USM opens cybersecurity training labDate: August 28, 2014
USM came up with the idea to create a cybersecurity lab about four years ago. Using $1 million in grants from the National Science Foundation and Maine Technology Institute, educators were able to design and build the lab. Part of the grant money also went toward building a private network, which will allow students to work with computer viruses without the threat of it spreading to other networks. Students will also examine technical, legal and ethical issues surrounding the collection, sharing and theft of sensitive data.
The Maine Cyber Security Cluster works to train cybersecurity personnel, though USM does not currently offer a stand alone degree in cybersecurity. The program trains students to conduct assessments and provides space for research and development.
USM said it plans to weave cybersecurity throughout different programs. Communication students will learn the most effective way of notifying the public about security breaches and how to manage "public relations crises." Technology students will learn how to protect networks from security breaches. The Philosophy department will discuss the ethical issues of access to sensitive information.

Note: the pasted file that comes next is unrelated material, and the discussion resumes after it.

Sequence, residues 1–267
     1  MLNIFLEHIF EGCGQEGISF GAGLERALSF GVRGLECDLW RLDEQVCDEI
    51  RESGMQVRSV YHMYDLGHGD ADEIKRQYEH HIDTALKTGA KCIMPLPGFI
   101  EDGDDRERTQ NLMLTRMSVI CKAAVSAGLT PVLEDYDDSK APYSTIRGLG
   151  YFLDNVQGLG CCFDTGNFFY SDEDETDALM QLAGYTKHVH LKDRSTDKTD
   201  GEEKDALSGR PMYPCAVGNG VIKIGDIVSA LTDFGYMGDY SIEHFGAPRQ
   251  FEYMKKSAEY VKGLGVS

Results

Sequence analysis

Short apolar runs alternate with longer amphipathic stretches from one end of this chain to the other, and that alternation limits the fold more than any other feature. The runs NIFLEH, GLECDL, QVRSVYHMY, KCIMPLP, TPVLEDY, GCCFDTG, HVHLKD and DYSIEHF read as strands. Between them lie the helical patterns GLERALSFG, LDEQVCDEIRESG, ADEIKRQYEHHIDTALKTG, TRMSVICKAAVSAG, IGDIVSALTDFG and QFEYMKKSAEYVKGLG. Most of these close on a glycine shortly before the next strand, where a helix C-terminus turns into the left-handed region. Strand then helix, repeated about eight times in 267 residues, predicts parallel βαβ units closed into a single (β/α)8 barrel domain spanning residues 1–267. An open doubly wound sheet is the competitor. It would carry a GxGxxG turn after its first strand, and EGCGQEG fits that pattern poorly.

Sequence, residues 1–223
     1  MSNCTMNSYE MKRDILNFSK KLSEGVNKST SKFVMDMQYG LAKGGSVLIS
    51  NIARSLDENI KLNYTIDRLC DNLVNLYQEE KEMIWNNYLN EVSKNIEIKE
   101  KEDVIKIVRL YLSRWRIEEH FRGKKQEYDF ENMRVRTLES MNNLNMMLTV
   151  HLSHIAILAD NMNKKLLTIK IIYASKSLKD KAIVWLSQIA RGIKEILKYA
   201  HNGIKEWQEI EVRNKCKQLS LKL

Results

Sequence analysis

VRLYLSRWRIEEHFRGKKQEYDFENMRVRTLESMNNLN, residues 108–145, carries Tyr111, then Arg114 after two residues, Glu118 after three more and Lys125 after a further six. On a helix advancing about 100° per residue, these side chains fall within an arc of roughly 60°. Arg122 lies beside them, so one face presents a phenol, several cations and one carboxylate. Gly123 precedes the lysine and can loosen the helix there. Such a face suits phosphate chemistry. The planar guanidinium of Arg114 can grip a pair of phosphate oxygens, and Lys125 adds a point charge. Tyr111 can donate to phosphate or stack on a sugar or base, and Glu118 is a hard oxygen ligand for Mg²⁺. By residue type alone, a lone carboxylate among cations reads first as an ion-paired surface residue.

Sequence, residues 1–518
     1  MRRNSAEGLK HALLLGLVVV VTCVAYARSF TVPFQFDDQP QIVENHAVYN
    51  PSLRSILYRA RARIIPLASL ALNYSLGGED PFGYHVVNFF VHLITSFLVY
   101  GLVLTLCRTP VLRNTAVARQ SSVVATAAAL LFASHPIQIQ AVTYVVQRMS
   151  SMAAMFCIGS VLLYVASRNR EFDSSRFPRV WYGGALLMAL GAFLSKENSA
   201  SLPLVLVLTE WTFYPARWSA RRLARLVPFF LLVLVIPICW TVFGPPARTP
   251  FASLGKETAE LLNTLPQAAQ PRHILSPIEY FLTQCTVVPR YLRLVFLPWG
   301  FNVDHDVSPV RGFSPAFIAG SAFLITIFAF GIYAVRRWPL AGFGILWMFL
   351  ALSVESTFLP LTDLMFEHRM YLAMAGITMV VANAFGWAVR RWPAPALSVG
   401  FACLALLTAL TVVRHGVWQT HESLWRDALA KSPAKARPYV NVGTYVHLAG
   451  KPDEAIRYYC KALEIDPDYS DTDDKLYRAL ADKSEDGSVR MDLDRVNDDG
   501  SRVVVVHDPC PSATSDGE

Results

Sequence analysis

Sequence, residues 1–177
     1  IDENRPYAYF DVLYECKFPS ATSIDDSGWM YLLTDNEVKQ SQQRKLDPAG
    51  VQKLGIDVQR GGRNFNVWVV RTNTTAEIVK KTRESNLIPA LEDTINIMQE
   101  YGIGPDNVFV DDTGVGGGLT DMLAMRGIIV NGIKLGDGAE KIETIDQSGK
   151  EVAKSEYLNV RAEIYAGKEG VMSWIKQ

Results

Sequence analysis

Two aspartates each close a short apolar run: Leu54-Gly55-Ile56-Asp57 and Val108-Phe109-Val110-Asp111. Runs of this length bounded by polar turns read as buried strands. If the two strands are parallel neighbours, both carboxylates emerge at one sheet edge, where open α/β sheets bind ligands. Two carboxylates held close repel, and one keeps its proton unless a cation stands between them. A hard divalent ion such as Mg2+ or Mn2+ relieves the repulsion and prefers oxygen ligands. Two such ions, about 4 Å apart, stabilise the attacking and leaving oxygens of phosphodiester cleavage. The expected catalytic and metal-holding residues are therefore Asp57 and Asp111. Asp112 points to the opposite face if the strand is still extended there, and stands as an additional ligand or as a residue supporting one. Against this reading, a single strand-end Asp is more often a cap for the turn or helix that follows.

"We're watching companies all around us, and government agencies, penetrated by hackers," said USM President David Flanagan. He said this lab will give students the practical skills to enter the workforce in an increasingly important field.
"Right now in cyber security, there is zero percent unemployment," said Professor Glenn Wilson, who will be running the lab. "It's a really good future for students and the citizens of Maine."
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